Malar rash is a predictor of subclinical airway inflammation in patients with systemic lupus erythematosus: a pilot study

Giovanni Damiani, Paolo Daniele Maria Pigatto, Angelo Valerio Marzano, Maurizio Rizzi, Pierachille Santus, Dejan Radovanovic, Ulvi Loite, Lucio Torelli, Stephen Petrou, Piercarlo Sarzi-Puttini, Fabiola Atzeni, Mohammad Adawi, Charlie Bridgewood, Nicola Luigi Bragazzi, Abdulla Watad, Mario Malerba

Research output: Contribution to journalArticlepeer-review


Background: Systemic lupus erythematosus (SLE) is a chronic, auto-immune, multi-organ disease that can affect both the skin and the lungs. Malar rash is a common skin manifestation of SLE and is linked to SLE disease activity, whereas lung involvement is a generally negative prognostic factor for these patients. However, a sensitive and non-invasive screening tool for potential lung involvement in SLE patients is still not available. Methods: This study aimed to investigate the relationship between malar rash and airway inflammation in adult SLE patients who were not known to have any lung involvement (clinical or radiologic). The study comprised of the measurement of the concentration of NO in exhaled breath or fraction of exhaled nitric oxide (FeNO) and levels were compared between those with and without malar rash. This tool is considered as a sensitive and non-invasive method that is routinely used in patients with asthma or other respiratory diseases to identify airway inflammation. Results: A total of 125 patients (100 females, 25 males) were enrolled during the study period from January 2011 to December 2014. Patients with malar rash (N = 35) had a significant decrease in serum levels of C4 (p < 0.05) compared to patients without malar rash (N = 90). The mean levels of FeNO in overall patients were 36.44 ± 8.87 ppb. A statistically significant difference in FeNO 50 values between patients with malar rash (43.46 ± 6.72 ppb) and without (29.43 ± 3.64 ppb) was found (p < 0.001). FeNO 50 values were inversely correlated only with serum C4 (p < 0.01). However, no correlation between FeNO 50 values and SLE clinical disease activity scores was found. Conclusions: The presence of a malar rash may predict sub-clinical airway inflammation in SLE patients. Further prospective studies are needed to confirm the usefulness of FeNO measurements in monitoring SLE-associated airway inflammation.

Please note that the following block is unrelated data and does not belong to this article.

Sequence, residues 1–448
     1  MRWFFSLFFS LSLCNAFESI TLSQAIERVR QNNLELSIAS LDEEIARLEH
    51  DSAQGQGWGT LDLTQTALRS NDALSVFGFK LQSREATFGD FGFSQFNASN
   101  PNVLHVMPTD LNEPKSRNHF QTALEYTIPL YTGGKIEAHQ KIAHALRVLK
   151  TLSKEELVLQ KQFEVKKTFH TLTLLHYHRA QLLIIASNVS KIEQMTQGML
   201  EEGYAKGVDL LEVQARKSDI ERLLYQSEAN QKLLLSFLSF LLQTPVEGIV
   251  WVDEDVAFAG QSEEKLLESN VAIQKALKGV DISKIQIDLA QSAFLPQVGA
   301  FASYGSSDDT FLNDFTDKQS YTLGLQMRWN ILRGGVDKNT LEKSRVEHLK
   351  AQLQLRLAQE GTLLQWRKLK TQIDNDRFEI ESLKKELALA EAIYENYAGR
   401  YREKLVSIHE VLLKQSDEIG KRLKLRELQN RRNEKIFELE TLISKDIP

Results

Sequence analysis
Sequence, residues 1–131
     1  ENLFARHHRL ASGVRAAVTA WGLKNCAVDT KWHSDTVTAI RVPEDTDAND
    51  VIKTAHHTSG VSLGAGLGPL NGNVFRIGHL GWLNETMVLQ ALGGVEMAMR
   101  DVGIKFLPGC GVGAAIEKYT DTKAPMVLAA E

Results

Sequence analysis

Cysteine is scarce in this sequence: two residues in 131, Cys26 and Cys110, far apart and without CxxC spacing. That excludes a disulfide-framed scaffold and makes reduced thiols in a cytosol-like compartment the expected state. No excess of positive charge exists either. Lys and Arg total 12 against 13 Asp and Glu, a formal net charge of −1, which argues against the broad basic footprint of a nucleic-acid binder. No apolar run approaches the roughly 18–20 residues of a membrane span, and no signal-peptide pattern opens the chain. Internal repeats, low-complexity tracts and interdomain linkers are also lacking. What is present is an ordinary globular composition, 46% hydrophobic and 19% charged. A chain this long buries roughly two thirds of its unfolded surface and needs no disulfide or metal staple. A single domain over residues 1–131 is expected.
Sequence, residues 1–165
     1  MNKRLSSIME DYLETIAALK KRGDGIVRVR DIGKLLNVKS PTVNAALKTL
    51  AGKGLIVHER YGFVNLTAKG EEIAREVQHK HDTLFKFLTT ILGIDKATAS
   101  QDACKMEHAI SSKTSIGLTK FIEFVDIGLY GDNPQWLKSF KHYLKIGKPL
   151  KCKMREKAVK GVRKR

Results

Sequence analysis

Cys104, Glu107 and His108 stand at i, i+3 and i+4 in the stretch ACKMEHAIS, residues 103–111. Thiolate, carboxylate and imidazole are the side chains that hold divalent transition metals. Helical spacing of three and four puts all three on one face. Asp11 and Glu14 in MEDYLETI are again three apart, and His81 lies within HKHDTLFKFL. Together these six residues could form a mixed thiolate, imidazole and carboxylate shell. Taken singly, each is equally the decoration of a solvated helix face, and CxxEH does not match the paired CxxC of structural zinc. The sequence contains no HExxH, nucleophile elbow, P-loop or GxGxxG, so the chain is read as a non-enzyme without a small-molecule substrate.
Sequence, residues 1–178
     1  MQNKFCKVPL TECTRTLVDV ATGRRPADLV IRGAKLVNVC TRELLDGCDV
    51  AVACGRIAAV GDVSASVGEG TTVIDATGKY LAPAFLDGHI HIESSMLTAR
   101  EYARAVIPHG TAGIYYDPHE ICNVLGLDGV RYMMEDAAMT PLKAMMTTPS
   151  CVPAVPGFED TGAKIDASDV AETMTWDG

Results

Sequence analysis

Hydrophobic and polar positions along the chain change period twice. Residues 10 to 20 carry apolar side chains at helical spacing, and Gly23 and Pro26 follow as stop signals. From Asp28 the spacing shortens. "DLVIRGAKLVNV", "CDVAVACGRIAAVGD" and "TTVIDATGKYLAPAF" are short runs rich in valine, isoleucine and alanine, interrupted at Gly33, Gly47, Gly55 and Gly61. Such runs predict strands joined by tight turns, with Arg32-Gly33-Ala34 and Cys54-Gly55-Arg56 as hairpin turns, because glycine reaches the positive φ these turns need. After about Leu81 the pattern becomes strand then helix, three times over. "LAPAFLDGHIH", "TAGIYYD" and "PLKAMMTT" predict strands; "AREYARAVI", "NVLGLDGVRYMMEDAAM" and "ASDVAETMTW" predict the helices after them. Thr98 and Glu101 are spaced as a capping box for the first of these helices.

Original languageEnglish
Pages (from-to)2541-2546
JournalClinical Rheumatology
Issue number9
Publication statusPublished - Jan 1 2019


  • Airway inflammation
  • FeNO
  • Malar rash
  • Systemic lupus erythematosus

ASJC Scopus subject areas

  • Rheumatology


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